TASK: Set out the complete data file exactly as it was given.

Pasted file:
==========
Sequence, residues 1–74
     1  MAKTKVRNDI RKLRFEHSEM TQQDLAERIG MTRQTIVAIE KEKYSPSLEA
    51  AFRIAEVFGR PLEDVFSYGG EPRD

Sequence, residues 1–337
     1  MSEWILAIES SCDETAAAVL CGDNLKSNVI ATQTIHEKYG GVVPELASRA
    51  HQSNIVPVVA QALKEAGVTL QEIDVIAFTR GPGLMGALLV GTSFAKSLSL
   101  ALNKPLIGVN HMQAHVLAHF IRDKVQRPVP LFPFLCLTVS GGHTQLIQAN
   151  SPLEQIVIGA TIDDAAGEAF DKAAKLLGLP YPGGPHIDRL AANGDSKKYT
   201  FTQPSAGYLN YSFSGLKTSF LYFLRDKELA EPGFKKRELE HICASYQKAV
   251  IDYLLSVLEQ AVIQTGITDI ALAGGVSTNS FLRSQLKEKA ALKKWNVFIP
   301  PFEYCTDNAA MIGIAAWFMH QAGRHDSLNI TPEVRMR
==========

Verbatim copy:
Sequence, residues 1–74
     1  MAKTKVRNDI RKLRFEHSEM TQQDLAERIG MTRQTIVAIE KEKYSPSLEA
    51  AFRIAEVFGR PLEDVFSYGG EPRD

Sequence, residues 1–337
     1  MSEWILAIES SCDETAAAVL CGDNLKSNVI ATQTIHEKYG GVVPELASRA
    51  HQSNIVPVVA QALKEAGVTL QEIDVIAFTR GPGLMGALLV GTSFAKSLSL
   101  ALNKPLIGVN HMQAHVLAHF IRDKVQRPVP LFPFLCLTVS GGHTQLIQAN
   151  SPLEQIVIGA TIDDAAGEAF DKAAKLLGLP YPGGPHIDRL AANGDSKKYT
   201  FTQPSAGYLN YSFSGLKTSF LYFLRDKELA EPGFKKRELE HICASYQKAV
   251  IDYLLSVLEQ AVIQTGITDI ALAGGVSTNS FLRSQLKEKA ALKKWNVFIP
   301  PFEYCTDNAA MIGIAAWFMH QAGRHDSLNI TPEVRMR